Soundproofing Plus: Using Audimute Peacemaker to Create a Soundproof Wall

Using Audimute Peacemaker to Create a Soundproof Wall

Previous posts have covered the many benefits of using Peacemaker sound insulation to create a soundproof wall. Now it’s time to consider how to actually get soundproofing up and working for you.

If you’re not up to speed on soundproofing, and if you haven’t already consulted with an expert (like, for example, the good people here at Audimute), get caught up now—before you begin construction. It’s the only way to make sure you’ll get it right the first time and not do any extra work. We’ve covered the basics here [link to blog 4], and we’ll be happy to provide an individualized diagnosis in person. Just call (866-505-MUTE).

OK, so you know where you’re going. How do you get there? The good news is that it’s really simple to use Peacemaker to soundproof a wall (or a floor, or a ceiling, or even a car—yes, some customers have successfully done that). Let’s see how it works.

Peacemaker is designed to be directly installed onto a wall or other surface. For example, let’s make a hypothetical soundproof wall.

If the wall is just wood or metal studs when you start, attach Peacemaker right to the studs, taking care not to leave any areas uncovered. Use insulation between the studs for best results, and seal the seams with Peacemaker sound isolation tape—soundproofing is only as effective as its weakest point.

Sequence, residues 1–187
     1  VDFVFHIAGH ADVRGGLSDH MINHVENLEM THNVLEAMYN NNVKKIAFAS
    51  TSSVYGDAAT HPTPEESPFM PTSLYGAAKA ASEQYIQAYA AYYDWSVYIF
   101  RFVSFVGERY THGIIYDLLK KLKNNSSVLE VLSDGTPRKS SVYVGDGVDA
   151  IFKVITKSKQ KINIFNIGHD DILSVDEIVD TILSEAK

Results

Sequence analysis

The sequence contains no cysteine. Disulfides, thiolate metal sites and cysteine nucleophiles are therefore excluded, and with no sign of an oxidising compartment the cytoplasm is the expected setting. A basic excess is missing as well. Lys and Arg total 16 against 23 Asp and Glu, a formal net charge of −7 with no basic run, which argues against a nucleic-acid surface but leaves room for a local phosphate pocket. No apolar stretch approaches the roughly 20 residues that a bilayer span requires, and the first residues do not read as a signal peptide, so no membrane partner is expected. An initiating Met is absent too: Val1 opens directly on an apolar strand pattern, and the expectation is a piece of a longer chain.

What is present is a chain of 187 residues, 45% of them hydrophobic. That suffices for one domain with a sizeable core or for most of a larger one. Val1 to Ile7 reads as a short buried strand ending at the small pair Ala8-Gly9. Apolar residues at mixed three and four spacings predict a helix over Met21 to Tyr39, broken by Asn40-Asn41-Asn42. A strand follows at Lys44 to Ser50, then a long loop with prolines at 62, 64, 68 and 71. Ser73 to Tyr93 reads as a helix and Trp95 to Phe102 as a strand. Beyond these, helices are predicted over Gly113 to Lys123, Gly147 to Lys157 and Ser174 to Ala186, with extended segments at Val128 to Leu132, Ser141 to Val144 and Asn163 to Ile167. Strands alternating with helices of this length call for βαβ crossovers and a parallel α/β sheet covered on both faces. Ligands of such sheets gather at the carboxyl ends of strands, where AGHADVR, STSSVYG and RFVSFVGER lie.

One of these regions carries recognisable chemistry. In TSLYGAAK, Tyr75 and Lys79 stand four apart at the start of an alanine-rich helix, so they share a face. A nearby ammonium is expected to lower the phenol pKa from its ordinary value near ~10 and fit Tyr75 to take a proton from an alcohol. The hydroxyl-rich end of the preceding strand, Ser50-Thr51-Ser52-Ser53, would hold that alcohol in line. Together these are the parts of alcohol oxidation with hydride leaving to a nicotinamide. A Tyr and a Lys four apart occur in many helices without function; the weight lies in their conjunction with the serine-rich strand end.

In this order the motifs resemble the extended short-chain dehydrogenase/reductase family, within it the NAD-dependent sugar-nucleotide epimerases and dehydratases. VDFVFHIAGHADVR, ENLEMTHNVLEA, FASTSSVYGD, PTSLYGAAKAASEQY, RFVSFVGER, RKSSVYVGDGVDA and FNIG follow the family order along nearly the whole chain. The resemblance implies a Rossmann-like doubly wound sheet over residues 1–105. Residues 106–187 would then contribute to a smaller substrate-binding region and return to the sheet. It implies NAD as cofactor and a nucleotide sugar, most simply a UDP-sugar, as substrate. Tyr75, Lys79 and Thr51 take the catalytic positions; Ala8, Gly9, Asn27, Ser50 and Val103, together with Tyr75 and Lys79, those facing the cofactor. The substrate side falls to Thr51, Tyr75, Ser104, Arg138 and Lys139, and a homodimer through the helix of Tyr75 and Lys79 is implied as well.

Ideally, Peacemaker is part of a soundproofing “sandwich”—so if you’re looking at drywall that’s already installed, don’t worry. Just apply Peacemaker over the top, add another layer of drywall, and you’re on your way to having a soundproof wall. Need more soundproofing? Build a bigger sandwich, with another layer of Peacemaker and another layer of drywall.

Remember that low frequencies require a greater amount of soundproofing and, possibly, some different materials. As a general rule, thicker is better, but (yes … again) consult an expert.

If you’re not the sandwich-building type, Peacemaker will work when it’s applied directly to a wall or other surface, but remember a few things: It’s not really designed to be a finished surface, it’s not sound absorption, and you’ll get better soundproofing when it’s part of layered construction.

So get the facts and some good advice, get the right stuff, and set aside a weekend to make things nice and quiet. With Audimute and some elbow grease, a soundproof wall is well within reach.

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